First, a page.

Scientists say Limbaugh is wrong about hurricanes and climate change

Scientists are refuting claims from Rush Limbaugh on climate change being false.
By Jose Jefferies | Oct 12, 2016
Scientists are refuting claims from Rush Limbaugh on climate change being false.

On Wednesday, Limbaugh, who lives in Palm Beach County, Florida, said on his radio show that he believes that the Democrats are politicizing coverage of Hurricane Matthew in order to validate their claims of climate change. The National Hurricane Center falls under the Obama administration Commerce Department.

Limbaugh pointed to Al Gore, after Katrina in New Orleans, predicting more powerful hurricanes as a result of global warming.

"And then what happened? We had 11 years of no hurricanes -- 11 straight years of no major hurricanes striking land in the United States, which just bores a hole right through the whole climate change argument," remarked Limbaugh."They want people to think this way: Hurricane reported. Must be climate change."

Scientists are disagreeing with Limbaugh and his scientific assessment.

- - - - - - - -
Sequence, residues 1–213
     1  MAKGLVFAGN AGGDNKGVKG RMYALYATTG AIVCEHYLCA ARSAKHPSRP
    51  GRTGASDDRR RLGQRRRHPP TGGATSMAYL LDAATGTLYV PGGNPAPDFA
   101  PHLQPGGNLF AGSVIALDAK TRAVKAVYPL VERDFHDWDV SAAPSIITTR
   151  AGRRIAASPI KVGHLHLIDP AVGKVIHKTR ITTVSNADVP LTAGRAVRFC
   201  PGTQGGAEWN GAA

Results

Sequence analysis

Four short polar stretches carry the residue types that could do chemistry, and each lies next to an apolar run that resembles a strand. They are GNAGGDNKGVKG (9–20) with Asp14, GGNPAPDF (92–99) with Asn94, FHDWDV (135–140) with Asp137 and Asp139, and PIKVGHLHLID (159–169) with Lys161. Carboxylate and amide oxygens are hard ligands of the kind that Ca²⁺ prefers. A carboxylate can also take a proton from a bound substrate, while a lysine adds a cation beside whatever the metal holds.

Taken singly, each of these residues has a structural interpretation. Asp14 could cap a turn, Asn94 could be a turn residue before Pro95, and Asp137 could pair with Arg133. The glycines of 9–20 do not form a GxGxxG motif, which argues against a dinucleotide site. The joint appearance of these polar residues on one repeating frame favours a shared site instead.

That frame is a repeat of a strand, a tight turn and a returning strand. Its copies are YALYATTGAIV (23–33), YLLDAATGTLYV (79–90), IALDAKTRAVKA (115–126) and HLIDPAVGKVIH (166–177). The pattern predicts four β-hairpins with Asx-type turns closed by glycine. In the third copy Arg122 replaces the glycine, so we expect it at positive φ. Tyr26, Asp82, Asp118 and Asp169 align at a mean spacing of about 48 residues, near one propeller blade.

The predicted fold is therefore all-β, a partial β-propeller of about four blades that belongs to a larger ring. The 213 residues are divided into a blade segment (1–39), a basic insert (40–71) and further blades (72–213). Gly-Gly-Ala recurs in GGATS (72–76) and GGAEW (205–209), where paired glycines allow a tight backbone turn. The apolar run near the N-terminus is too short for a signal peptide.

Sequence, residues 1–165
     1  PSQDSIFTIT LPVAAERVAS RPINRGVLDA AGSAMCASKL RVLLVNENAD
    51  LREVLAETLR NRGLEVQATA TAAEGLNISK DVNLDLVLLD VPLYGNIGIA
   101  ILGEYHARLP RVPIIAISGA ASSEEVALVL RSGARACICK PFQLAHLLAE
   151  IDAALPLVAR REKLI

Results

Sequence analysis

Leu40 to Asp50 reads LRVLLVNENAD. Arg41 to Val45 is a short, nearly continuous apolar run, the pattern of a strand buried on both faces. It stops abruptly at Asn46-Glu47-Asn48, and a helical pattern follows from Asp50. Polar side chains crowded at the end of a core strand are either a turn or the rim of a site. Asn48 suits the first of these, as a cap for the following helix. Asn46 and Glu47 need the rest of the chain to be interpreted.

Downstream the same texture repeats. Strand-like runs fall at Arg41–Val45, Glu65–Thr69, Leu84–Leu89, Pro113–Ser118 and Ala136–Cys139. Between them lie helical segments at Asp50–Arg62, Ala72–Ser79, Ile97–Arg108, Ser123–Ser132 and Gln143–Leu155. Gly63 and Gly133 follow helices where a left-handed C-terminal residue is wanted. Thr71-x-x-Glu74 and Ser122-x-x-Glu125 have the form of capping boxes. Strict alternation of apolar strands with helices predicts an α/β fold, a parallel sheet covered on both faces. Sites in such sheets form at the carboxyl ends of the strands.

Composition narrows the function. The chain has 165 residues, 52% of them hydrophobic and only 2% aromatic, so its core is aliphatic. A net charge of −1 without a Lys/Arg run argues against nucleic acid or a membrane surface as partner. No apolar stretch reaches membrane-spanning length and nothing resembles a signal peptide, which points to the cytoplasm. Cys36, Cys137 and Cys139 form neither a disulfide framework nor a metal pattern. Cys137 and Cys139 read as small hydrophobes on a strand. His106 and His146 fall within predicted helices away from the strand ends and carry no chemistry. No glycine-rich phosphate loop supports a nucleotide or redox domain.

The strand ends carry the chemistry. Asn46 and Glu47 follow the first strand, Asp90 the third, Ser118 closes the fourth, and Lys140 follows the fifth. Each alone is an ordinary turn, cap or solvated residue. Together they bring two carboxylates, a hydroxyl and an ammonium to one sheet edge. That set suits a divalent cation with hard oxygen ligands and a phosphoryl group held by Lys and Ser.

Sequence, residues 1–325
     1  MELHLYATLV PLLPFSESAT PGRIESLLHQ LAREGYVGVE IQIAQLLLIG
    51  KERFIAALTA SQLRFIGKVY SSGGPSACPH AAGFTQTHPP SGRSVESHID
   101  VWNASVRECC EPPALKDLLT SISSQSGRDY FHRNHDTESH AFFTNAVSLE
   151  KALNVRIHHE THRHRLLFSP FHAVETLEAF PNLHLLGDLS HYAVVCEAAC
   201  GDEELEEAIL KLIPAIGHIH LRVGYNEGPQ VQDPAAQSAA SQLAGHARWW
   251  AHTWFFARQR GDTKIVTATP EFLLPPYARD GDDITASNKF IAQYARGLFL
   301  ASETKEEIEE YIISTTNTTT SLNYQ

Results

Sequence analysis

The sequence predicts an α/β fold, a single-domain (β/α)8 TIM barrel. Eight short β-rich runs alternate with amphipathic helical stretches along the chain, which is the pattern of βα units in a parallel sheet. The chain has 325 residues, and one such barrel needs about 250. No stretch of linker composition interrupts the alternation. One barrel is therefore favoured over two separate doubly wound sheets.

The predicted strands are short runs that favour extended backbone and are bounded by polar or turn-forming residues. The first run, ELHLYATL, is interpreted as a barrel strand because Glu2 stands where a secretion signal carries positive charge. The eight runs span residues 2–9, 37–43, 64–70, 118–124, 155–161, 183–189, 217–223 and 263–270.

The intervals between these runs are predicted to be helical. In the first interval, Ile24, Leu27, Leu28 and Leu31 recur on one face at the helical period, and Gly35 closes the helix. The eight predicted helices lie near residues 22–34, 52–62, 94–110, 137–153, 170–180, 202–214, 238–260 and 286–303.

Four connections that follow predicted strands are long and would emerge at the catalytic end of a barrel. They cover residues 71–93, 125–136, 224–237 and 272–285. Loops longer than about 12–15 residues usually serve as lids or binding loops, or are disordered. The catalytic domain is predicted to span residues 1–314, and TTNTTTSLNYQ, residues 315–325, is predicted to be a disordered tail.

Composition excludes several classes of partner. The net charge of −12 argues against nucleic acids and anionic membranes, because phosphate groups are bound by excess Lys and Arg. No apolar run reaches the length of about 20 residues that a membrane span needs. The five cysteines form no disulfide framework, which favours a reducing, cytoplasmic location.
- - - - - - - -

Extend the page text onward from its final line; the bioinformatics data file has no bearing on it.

"This has nothing at all to do with climate change," said Dave Nolan, a professor at the Rosenstiel school. "Hurricanes are extreme events with a lot of variability from year to year, so they can't be used to indicate long term trends about climate."

Nolan also pointed out that Limbaugh was taking a U.S.-centric take on hurricane history. According to Nolan, Limbaugh left out the international super typhoon, Haiyan, and Hurricane Patricia, both among the strongest hurricanes to hit their respective geographiesin the recorded history of the planet.

According to Suzana Camargo, a professor of ocean and climate physics at Columbia University's Lamont Doherty Earth Institute, the Atlantic Ocean only corresponds to approximately 13 percent of the global number of tropical typhoonsand hurricanes. 30 percent of tropical cyclones occur in the western North Pacific.

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